There has been a marked downturn in commodity pricing in recent years as a slowdown in China has converged with an over-supply of oil to send values plummeting.
The slump in prices has inevitably produced a number of challenging issues for companies within the sector as falling profits can impact on many areas, including the risk transfer process.
The Bloomberg Commodity Index (BCOM), a diversified commodity price index that tracks the price of futures contracts on 22 physical commodities, has dropped markedly from 162 at the start of 2011, to stand at just 78 at the end of last year. In the last 18 months alone the price of Brent crude has dropped 15% while LME base metal prices have dropped 15-20% over the same period.
Key drivers of these falls have included OPEC, led by Saudi Arabia, embarking on a strategy of protecting its market share by pumping yet more crude oil despite falling prices. At the same time the Chinese economy continues to be in serious slowdown, which has a significant effect on global commodity prices simply by reason of its prolific consumption of raw materials. This fall in value of traded commodities has a significant direct impact on declared insured values for cargo insurance purposes, which in the majority of cases will be fundamentally linked to a market price.
Despite these falling insured values the cargo insurance market remains soft, due in most part to a general market over capacity and a fairly benign recent catastrophe loss history. As a consequence insurance rates have been maintained, or even reduced, with the commodity portfolio premium base consequently continuing to fall. With falling profit margins as a result of falling prices, there has to be an even greater focus of commodity clients generally in ensuring that they are still obtaining the best possible product at the best possible pricing. “As a longstanding specialist commodity insurance broker this is where JLT Specialty can continue to differentiate itself. Through our collective expertise, both on the placing and claims side, we are able to ensure that our clients or prospective clients can rely on the fact that we are talking to insurance providers who know their business and are willing to partner with them to provide comprehensive cover at competitive pricing through the good times and the bad,” says James Divine, Cargo Deputy Chairman at JLT Specialty. Whilst insured values are down this does not necessarily mean that paid claims are down proportionally. As Divine explains “Experience has shown us that a depressed commodity market and sluggish general economy can actually lead to an increased frequency of loss within certain areas of the supply chain as a consequence of cost cutting, falling investment and increased moral hazard.”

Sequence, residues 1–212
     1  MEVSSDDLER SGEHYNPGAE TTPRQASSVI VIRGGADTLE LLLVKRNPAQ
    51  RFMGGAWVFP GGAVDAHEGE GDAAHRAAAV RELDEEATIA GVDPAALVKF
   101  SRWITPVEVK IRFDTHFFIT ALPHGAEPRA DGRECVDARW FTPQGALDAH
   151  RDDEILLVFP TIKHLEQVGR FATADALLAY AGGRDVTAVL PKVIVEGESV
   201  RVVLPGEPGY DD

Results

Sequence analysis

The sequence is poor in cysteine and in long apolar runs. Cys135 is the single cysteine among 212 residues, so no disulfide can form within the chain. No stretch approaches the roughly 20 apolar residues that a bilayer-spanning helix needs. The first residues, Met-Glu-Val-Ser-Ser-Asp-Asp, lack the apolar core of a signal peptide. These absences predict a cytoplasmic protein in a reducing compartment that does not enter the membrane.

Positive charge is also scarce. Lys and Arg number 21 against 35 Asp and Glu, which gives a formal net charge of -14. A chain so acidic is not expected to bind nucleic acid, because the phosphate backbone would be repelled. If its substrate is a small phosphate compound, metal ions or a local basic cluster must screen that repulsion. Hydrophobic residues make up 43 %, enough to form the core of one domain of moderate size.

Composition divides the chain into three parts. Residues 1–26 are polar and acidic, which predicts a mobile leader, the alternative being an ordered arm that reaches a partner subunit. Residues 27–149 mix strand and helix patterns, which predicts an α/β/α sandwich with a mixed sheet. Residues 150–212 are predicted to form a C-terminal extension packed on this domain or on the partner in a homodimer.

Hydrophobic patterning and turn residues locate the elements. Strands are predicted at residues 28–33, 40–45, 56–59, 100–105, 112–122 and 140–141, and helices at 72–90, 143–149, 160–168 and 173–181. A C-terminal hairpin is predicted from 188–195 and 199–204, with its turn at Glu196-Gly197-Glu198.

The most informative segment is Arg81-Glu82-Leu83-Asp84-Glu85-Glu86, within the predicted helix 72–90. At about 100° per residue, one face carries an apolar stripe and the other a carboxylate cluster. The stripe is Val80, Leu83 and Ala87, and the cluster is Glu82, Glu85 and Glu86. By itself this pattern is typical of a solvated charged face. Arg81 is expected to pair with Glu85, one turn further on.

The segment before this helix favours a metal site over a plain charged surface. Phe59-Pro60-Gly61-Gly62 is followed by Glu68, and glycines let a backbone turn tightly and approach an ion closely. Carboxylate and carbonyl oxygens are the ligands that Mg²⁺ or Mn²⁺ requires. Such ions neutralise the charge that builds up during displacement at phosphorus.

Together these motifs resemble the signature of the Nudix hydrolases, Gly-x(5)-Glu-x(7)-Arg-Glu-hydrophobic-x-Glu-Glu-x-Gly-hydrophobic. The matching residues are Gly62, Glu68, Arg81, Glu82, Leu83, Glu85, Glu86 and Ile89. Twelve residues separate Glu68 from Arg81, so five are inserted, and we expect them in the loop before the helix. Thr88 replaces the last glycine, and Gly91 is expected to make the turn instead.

However these factors alone are not enough to influence any general market price change at this time, and the London cargo insurance market remains extremely strong, active and competitive in commodity business. It remains important however for JLT Specialty to assist its clients in differentiating themselves from any possible worsening market perceptions of risk and return in the sector.
Divine says: “We see it as our mission to ensure that the work being undertaken by our commodity clients, in terms of active loss prevention and control and the employment of other risk management, compliance and audit techniques to address matters of concern in these challenging conditions are fully conveyed to insurers and are duly rewarded. The business should be aligned with those insurers who we know are committed to partnership in this area to achieve the most effective product and pricing structures.” Although there have been recent signs of stability in the commodities market, the Bloomberg Commodity Index (BCOM) had recovered to 90 by the start of June, there are few signs of an extended recovery.
“For the immediate future we would expect to see various smaller individual commodity price swings, up and own, based on usual pricing factors, in particular where in response to the latest key economic numbers from the US and China, with a consequent mirroring in insured cargo values for both transit and stock risks.
In terms of insurance costings we see the soft cargo market conditions prevailing for the foreseeable future, so general cargo pricing should continue to be extremely competitive and even more so where we can use our experience to assist our clients in demonstrating attractive risk profile differentiations,” concludes Divine.
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For further information, please contact James Divine, Deputy Cargo Chairman on +44 20 7466 6554 or email firstname.lastname@example.org